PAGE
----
# Thread: lcm, gcd proof correct?

1. ## lcm, gcd proof correct?

I believe to have proven something that I need for an algorithm I'm developing.

The proposition is:

$\displaystyle lcm(b, c) / gcd(a, lm(b, c)) = lcm(a, b, c) / a;$

Proof:

$\displaystyle lcm(b,c) / gcd(a, lcm(b, c)) = lcm(a, lcm(b, c)) / a;$
Substitution: $\displaystyle k:= lcm(b, c);$
$\displaystyle k / gcd(a, k) = lcm(a, k) / a;$
$\displaystyle a \times k = lcm(a, k) \times gcd(a, k);$ // see Greatest common divisor - Wikipedia, the free encyclopedia

Is this correct?
Thank you
Bernhard

2. Hello Bernhard,
Is the == sign a congruence ? $\displaystyle \equiv$ ? If yes, what is the modulus considered ? Because a congruence without modulus is meaningless.
(Funny like we all get the same idea when we lack an congruence sign on the computer )

Out of curiosity, what is the algorithm you are developing about, if not too indiscrete ?

EDIT : ah, no, I get it, this is the conditional equivalence sign in the C language. Well obviously, if $\displaystyle gcd(a, b, c) = 1$, then the equality holds, because $\displaystyle gcd(a, lcm(b, c)) = 1$, and $\displaystyle lcm(a, b, c) = a \times lcm(b, c)$. I don't really get your proof (what does it show ? a proof needs words), but I think you might get somewhere if you consider dividing the right hand side with the left hand side ...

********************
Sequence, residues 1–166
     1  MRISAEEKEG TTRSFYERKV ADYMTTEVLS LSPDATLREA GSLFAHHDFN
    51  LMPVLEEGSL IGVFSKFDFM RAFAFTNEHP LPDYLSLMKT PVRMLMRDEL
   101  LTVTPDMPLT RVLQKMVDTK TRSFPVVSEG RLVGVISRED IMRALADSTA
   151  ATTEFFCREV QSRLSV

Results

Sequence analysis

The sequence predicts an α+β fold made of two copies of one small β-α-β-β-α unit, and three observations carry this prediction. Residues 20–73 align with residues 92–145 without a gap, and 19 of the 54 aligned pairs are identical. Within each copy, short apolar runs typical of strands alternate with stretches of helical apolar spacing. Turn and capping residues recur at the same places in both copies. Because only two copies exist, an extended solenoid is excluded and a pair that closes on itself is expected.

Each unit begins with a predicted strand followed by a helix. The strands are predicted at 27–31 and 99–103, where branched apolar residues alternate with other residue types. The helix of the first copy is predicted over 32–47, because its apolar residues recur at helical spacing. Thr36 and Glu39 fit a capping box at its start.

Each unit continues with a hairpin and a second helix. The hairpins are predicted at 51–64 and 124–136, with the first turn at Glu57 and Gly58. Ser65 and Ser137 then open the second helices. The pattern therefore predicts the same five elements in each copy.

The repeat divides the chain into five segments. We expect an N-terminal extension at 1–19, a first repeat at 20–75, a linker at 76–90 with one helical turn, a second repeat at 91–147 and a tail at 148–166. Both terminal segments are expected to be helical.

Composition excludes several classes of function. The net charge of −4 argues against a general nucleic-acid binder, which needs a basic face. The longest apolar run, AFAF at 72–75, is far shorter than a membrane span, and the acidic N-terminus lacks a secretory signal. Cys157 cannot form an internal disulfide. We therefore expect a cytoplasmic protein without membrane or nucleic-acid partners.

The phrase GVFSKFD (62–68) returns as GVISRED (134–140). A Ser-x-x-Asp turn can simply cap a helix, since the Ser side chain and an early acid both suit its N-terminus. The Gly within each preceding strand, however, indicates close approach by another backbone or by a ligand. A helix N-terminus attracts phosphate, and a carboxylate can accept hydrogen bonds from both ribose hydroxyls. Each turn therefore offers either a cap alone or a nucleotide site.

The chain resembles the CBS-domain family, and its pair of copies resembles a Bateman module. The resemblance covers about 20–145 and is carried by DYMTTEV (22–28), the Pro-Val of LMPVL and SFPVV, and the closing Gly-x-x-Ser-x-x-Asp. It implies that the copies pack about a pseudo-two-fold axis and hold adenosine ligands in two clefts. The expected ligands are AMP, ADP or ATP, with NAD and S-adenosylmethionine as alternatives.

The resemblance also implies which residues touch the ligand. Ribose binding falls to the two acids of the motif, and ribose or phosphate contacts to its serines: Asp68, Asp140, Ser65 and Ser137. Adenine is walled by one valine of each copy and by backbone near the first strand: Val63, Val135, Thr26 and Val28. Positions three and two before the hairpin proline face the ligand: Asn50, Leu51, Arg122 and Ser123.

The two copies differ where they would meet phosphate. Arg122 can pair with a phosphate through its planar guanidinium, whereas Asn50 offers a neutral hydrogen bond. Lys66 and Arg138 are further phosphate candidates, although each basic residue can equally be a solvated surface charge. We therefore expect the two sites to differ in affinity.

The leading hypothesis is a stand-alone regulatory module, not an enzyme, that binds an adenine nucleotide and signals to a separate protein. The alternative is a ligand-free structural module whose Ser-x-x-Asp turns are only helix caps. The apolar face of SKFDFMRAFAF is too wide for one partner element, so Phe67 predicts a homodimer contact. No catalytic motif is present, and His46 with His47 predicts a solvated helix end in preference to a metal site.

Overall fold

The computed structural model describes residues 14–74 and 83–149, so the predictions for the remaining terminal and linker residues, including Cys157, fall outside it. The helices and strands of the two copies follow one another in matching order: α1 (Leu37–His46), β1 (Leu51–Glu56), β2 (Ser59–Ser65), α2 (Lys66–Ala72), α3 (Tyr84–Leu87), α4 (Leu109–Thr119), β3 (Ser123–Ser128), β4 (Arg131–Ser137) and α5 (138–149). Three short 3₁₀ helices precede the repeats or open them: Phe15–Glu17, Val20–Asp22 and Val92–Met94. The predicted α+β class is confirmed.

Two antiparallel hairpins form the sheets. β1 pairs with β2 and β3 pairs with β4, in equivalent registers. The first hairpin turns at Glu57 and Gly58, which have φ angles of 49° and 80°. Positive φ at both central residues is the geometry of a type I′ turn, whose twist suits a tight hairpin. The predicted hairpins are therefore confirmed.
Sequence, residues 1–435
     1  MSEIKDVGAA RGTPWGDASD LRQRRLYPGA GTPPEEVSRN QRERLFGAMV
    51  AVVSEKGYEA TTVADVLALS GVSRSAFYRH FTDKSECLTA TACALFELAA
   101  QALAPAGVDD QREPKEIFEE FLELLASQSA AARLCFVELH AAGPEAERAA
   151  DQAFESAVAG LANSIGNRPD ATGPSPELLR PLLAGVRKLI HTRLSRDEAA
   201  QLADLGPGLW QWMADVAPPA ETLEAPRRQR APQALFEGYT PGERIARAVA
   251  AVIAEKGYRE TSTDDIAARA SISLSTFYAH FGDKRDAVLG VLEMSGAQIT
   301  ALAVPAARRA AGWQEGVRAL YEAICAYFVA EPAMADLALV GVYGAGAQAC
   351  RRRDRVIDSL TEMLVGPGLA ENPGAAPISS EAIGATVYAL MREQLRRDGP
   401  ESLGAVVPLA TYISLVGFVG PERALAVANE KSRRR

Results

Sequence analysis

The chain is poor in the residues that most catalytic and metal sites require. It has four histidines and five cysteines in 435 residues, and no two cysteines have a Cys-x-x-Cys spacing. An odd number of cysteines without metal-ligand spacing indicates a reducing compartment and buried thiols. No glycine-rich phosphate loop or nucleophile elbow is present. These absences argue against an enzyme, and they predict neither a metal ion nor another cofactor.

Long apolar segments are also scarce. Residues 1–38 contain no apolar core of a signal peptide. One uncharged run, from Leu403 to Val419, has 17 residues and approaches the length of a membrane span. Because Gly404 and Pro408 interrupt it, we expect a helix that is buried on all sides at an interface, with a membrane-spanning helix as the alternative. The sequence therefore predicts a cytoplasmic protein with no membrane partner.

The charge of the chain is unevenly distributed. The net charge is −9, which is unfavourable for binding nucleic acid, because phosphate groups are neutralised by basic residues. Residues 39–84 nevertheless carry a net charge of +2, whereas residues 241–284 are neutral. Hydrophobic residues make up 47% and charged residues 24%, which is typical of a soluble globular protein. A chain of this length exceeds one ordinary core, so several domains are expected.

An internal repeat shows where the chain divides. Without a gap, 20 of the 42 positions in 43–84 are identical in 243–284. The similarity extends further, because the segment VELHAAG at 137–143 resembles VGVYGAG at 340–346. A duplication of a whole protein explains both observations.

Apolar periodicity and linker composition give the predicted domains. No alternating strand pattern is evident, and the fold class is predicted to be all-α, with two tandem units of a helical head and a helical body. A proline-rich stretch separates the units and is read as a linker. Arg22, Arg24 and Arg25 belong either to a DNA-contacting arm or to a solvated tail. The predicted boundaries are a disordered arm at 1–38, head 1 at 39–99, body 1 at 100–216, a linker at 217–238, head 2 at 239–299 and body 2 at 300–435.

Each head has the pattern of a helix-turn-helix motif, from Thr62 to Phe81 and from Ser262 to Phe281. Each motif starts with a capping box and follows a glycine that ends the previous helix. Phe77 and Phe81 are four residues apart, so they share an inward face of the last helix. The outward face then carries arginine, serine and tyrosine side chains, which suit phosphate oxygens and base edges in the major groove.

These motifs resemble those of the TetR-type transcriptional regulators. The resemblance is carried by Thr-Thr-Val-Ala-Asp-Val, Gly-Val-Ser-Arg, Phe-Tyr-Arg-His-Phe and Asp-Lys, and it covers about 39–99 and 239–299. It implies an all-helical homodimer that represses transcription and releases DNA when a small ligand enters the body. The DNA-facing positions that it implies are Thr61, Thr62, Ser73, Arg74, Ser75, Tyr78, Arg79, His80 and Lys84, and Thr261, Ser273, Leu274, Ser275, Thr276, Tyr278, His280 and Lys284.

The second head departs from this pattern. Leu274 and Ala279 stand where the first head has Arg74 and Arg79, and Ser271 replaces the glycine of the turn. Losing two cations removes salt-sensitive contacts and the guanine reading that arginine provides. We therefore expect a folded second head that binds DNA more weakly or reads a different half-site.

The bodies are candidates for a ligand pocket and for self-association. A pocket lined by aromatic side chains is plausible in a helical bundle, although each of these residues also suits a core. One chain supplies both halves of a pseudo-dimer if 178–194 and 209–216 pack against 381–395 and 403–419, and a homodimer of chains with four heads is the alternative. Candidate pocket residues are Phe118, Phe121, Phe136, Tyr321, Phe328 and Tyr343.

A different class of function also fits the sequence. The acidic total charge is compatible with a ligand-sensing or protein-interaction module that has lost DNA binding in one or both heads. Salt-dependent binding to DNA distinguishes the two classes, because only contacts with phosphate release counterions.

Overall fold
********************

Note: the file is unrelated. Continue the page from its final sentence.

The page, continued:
3. Hi Ray

Thanks for looking at my proof. Sorry for using a confusing notation (corrected it now).
I'm trying to prove that

$\displaystyle lcm(b, c) / gcd(a, lm(b, c)) = lcm(a, b, c) / a;$

holds, i.e. that $\displaystyle lcm(b, c) / gcd(a, lm(b, c))$ can be calculated by $\displaystyle lcm(a, b, c) / a;$

I believe to have proven the equivalence by applying what I hope are legal transformations to reach the equation

$\displaystyle a \times k = lcm(a, k) \times gcd(a, k);$

which is a valid connection between $\displaystyle lcm$ and $\displaystyle gcd$ (see Greatest common divisor - Wikipedia, the free encyclopedia) The cool thing about the substitution is that the equivalence applies for an arbitrary number of arguments to $\displaystyle lcm$, i.e. $\displaystyle lcm(b, c, d, e, f, g, ...)$ which happens to be what I actually need, not just two arguments (i.e. $\displaystyle lcm(b, c)$).

The algorithm is used for calculating BPMs to represent arbitrary rhythmic patterns. See Boss Dr.Beat DB-88